The FPS side is also not without its flaws. The graphics look nice enough when you aren’t moving, and for a happy moment you can almost dare to dream. Then you start to explore, and the screen tearing and pop-in becomes almost hysterically funny. And this is on an Xbox Series X, supposedly the most powerful console in the world; we’re seeing PS2 era graphical flaws. My favourite part is when you are trying to be stealthy, and then a soldier pops into view about five feet away, shoots you full of holes and leaves you looking at the “restart from last save?” screen. Much swearing has been uttered in the process of this review, let’s put it that way.
There’s not a great deal to speak of in terms of the audio either – sound is okay, the guns sound like guns, and the rest of the experience is oddly flat.
So, the presentation has a firm “must try harder” mark next to it, what about the rest of the game? What about the combat, as the graphic novel section doesn’t actually require you to do anything? Well, here the story is mixed too. There are some good ideas sprinkled through this game, but they are not enough to save the game from itself. Let’s begin with our android companion.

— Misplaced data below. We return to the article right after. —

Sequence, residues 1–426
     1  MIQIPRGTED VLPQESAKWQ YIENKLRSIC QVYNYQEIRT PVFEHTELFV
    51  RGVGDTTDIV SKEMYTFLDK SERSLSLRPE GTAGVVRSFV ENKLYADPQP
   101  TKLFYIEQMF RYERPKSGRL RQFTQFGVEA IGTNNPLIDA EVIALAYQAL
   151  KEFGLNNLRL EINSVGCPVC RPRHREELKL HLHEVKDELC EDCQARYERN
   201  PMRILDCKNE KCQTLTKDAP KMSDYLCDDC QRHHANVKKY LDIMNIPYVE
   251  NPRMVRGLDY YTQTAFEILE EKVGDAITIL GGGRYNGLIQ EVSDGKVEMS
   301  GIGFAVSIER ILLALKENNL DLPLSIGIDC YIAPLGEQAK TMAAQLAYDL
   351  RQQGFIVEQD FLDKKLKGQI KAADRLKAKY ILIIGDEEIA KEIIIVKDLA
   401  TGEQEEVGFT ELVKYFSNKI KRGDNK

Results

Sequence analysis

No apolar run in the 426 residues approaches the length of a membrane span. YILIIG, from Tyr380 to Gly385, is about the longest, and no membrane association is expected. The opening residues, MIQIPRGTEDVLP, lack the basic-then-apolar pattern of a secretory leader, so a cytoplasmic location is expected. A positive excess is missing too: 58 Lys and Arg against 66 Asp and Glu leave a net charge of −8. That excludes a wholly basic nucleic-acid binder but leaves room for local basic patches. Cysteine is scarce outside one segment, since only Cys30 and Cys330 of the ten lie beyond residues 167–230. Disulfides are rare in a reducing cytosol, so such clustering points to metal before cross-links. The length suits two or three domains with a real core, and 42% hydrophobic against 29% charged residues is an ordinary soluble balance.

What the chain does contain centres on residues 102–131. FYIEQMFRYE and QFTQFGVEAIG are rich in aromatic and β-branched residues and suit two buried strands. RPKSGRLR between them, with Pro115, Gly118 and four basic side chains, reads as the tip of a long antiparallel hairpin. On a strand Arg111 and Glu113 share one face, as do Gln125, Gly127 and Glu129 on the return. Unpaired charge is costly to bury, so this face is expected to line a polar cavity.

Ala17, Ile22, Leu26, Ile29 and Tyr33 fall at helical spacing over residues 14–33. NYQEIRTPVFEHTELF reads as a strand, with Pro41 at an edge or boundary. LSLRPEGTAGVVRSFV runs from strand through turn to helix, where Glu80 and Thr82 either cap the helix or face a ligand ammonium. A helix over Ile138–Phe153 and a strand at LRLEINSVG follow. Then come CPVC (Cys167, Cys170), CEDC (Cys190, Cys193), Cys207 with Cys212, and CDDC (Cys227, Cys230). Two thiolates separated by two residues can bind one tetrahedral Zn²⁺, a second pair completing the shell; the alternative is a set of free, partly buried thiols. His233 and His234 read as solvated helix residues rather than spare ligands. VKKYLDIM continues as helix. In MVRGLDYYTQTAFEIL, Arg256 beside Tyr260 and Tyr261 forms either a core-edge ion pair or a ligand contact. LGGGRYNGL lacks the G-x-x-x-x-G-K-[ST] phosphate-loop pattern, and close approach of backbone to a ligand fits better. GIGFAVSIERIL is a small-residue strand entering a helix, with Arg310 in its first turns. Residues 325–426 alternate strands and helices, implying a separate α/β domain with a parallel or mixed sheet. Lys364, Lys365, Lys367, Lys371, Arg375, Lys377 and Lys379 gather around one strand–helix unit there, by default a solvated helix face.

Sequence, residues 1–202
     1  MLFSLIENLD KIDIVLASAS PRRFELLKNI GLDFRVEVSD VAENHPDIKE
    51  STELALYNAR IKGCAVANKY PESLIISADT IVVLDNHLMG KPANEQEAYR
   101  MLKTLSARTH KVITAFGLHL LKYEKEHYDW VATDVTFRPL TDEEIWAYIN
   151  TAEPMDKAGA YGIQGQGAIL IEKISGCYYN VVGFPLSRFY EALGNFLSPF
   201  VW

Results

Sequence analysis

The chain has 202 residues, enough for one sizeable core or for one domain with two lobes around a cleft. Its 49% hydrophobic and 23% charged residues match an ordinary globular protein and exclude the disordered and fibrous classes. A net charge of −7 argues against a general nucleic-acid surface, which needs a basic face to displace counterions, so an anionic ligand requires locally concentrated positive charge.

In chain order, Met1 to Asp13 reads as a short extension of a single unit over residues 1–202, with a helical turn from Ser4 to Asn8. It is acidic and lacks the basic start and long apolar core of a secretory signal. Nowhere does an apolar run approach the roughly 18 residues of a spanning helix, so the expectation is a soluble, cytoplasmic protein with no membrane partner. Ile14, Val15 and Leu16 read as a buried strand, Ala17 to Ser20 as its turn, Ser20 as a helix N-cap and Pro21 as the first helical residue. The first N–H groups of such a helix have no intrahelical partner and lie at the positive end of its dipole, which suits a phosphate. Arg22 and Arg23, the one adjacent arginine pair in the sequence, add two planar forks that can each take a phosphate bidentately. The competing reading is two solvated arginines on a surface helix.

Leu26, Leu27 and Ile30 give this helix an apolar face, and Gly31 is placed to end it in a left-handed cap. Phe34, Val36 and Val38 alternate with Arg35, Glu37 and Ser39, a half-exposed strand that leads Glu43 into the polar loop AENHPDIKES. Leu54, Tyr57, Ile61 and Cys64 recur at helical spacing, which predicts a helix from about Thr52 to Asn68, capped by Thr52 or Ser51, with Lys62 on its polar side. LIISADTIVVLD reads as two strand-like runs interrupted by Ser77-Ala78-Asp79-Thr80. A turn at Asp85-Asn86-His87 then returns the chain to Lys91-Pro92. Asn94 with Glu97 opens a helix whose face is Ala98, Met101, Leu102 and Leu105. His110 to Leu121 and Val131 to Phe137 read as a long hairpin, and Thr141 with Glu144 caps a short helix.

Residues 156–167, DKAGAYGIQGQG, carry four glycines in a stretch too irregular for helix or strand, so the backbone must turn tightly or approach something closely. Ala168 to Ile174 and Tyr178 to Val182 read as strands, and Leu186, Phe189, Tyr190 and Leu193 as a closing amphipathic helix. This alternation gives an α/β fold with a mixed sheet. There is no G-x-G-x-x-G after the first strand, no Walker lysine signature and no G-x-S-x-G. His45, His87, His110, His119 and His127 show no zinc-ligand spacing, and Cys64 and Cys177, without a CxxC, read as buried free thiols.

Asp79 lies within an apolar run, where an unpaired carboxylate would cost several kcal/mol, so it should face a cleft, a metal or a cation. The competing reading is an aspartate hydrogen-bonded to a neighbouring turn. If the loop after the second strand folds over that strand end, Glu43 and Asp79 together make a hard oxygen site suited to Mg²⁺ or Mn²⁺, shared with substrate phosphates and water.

There are some nice ideas, as I said earlier, and they mostly revolve around the female android that accompanies us on our quest. She has a number of interesting abilities, some of which are more useful than others. She can, for instance, open a wormhole between two points, bypassing force fields and so on by simply teleporting to where you tell her, before then opening a rift to allow you progress. She can also slow time down as well, which makes things a bit easier when you are facing many foes, mostly as you can dash around and fill them full of holes while they are unable to move. The most useless ability is the first one she gains – the ability to send her to a location and instruct her to blow herself up, killing anything in the vicinity. At least, that’s the idea, but when she starts the self destruct procedure, it takes such a long time to charge and makes such a noise that the enemies have time to mark the page in the book they were reading, grab their gear and saunter out of the blast radius before she actually detonates. In this way, this ability is pretty useless.